Friday, September 22, 2023
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Last defendant in George Floyd murder convicted

A judge found that Tou Thao, who kept bystanders on the curb while Derek Chauvin knelt on Floyd's neck and back, aided and abetted second-degree manslaughter.

MINNEAPOLIS (CN) — Former Minneapolis police officer Tou Thao has been convicted of aiding and abetting second-degree manslaughter for his part in the deadly arrest of George Floyd in 2020.

Following a trial by stipulated evidence, Hennepin County Judge Peter Cahill found that Thao knew his colleague Derek Chauvin was creating an unreasonable risk to Floyd, and intended for his presence and actions to aid Chauvin’s unlawful use of force. 

The longtime Minneapolis Police Department veteran, who stood between Chauvin and an increasingly upset group of bystanders while Chauvin knelt on Floyd’s neck and back for over nine minutes, could face a sentence of two or more years. 

Thao “actively encouraged his three colleagues’ dangerous prone restraint of Floyd while holding back a crowd of concerned bystanders begging the officers to render medical aid,” Cahill wrote in his verdict. He noted that Thao was captured on video telling the bystanders “he’s talking, so he’s fine” and “this is why you don’t do drugs, kids” to reinforce that finding. 

Cahill also dismissed the contention, made by defense attorneys for Thao and his former police department colleagues Chauvin, Thomas Lane and J. Alexander Kueng, that the crowd of bystanders posed a threat to the officers or to Floyd, creating the need for force. “Although MPD officers are trained to call for backup and communicate with officers on scene when they feel a crowd of bystanders poses a risk, Thao did not call for law enforcement backup or ask Officer Chang (a nearby Park Police officer) to assist him with crowd control, undercutting any implication that the bystanders were truly hostile.” 

A second charge for aiding and abetting second-degree murder — the most severe charge for which Chauvin was convicted in April 2021— was dismissed pursuant to an agreement between the parties. 

Thao is already serving a 3 ½ year sentence in federal prison for violating Floyd’s civil rights. He agreed to a trial on stipulated evidence shortly after sentencing in his federal case, during which he delivered a lengthy speech denouncing prosecutors and encouraging them and Floyd’s family to “turn to God” as he said he had in jail.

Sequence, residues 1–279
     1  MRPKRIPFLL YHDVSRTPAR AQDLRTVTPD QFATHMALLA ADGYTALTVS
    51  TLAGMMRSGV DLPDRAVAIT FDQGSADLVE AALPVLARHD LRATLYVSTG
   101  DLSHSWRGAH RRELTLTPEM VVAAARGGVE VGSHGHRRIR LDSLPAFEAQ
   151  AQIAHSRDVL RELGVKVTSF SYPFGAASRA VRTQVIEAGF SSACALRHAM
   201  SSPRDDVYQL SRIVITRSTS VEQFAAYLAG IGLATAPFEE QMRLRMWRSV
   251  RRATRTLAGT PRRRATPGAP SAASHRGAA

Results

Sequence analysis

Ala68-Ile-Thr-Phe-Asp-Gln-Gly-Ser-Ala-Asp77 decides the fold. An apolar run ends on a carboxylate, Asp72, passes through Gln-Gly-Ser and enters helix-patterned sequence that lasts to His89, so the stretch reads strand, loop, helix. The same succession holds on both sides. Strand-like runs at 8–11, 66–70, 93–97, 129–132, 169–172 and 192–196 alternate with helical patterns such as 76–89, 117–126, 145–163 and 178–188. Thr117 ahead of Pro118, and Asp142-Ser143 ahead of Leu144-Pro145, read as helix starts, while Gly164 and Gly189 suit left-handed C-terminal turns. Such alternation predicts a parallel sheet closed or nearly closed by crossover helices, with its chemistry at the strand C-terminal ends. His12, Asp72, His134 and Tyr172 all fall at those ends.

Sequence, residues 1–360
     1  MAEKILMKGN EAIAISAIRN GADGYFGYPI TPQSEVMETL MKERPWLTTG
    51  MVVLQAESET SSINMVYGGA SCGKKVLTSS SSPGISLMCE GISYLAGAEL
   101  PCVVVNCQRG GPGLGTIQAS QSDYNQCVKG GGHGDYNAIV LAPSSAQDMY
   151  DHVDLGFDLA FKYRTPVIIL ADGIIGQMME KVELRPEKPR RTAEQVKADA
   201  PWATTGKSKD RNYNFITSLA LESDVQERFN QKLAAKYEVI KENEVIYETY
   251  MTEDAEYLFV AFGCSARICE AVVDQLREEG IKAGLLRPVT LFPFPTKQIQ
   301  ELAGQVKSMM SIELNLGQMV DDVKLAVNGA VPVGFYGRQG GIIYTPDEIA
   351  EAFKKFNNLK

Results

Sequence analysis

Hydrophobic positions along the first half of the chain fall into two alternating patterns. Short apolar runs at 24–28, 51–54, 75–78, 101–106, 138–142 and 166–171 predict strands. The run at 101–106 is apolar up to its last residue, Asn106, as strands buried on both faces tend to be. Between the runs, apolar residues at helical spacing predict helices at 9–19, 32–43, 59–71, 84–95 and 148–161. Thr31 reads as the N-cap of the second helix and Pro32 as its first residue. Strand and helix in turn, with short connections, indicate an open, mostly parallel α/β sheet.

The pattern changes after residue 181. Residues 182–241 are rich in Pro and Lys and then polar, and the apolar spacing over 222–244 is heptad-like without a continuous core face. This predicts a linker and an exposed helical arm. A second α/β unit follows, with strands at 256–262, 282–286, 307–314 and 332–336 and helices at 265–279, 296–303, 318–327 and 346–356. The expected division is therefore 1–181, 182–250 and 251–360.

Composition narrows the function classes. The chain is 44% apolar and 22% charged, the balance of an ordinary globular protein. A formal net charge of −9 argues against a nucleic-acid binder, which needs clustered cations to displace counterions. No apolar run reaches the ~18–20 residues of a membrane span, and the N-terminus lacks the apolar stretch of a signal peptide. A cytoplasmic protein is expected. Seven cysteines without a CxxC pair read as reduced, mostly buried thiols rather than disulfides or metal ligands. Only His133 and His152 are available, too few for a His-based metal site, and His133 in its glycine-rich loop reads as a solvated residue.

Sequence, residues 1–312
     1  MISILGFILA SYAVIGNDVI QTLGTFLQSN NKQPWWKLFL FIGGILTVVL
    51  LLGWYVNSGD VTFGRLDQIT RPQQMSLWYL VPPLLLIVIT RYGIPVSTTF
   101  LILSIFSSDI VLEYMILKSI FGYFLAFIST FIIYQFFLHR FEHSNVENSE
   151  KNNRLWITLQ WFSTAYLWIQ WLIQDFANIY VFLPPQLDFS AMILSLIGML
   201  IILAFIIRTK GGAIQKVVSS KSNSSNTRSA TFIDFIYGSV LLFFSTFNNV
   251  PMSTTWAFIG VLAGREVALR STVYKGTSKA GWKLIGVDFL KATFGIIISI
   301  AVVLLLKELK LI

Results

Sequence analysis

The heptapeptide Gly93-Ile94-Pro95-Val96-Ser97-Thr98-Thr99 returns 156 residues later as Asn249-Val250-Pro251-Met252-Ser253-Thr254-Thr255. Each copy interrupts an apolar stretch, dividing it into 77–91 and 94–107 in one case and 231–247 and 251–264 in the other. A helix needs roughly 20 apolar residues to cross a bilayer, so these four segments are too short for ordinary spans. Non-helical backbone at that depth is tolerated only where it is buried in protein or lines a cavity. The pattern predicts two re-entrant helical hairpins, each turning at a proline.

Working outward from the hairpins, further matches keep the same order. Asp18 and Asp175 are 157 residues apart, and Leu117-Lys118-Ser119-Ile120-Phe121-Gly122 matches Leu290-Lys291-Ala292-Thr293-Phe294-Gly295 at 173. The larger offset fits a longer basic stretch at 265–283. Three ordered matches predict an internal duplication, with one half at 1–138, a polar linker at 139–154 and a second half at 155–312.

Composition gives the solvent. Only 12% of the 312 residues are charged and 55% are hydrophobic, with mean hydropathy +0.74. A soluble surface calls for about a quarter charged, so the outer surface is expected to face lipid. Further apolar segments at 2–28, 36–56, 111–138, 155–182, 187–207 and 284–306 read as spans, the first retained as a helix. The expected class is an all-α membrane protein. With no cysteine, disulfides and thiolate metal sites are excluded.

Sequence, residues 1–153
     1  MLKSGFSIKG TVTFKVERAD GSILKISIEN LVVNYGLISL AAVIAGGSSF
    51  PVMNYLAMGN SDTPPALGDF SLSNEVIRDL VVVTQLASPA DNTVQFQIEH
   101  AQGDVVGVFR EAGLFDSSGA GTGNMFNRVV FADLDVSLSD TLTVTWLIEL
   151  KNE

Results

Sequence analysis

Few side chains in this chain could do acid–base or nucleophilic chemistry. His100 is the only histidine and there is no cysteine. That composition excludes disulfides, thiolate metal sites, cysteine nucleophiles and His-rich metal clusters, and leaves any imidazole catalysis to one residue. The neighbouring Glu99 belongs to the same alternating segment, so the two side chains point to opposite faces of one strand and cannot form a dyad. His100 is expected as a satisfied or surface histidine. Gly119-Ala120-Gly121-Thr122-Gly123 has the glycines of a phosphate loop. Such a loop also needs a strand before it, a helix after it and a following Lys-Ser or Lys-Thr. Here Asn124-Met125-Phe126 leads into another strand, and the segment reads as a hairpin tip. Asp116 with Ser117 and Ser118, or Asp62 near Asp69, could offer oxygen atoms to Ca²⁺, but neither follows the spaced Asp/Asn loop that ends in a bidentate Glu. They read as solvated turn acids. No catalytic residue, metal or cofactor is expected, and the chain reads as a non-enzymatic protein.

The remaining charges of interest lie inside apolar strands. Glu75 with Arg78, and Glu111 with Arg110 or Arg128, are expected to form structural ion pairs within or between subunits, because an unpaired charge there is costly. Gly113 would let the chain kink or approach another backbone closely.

Thao is now set for sentencing for the state case on Aug. 7. The presumptive sentence for aiding and abetting second-degree manslaughter is 48 months, but Cahill has discretion to modify that sentence. 

Minnesota Attorney General Keith Ellison, whose office led the prosecutions of Thao, Chauvin, Kueng and Lane, issued a statement on the verdict Tuesday morning. 

“While we have now reached the end of the prosecution of Floyd’s murder, it is not behind us. There is much more that prosecutors, law-enforcement leaders, rank-and-file officers, elected officials, and community can do to bring about true justice in law enforcement and true trust and safety in all communities,” Ellison said. He pushed for the passage of the George Floyd Justice in Policing Act, a reform bill introduced in 2021 which has been deadlocked since the House passed it early that year. 

Ellison also gave condolences to Floyd’s family. “Floyd’s loved ones can never have him back,” he said, “yet they have turned their private tragedy into a public movement for accountability, healing, and justice that keeps Floyd’s legacy vibrant and alive to this day and beyond.”

Thao’s attorney, Robert Paule, did not respond to a request for comment late Tuesday morning. 

Thao’s sentencing will mark the end of criminal proceedings related to Floyd’s death three years ago. Lane took a plea deal in his state court case shortly after his civil rights conviction in federal court, and Kueng followed suit not long after sentencing in the federal case. Following his second-degree murder conviction, Chauvin took a federal plea deal for civil rights violations against Floyd and a teenager he allegedly beat with a flashlight in 2014. 

A civil case brought by Floyd’s family against the officers and the City of Minneapolis, meanwhile, was settled for a record-breaking $27 million in 2021. Several cases against the city and other law-enforcement entities for alleged civil rights violations during protests of Floyd’s murder are ongoing.

Categories / Civil Rights, Criminal, National, Trials

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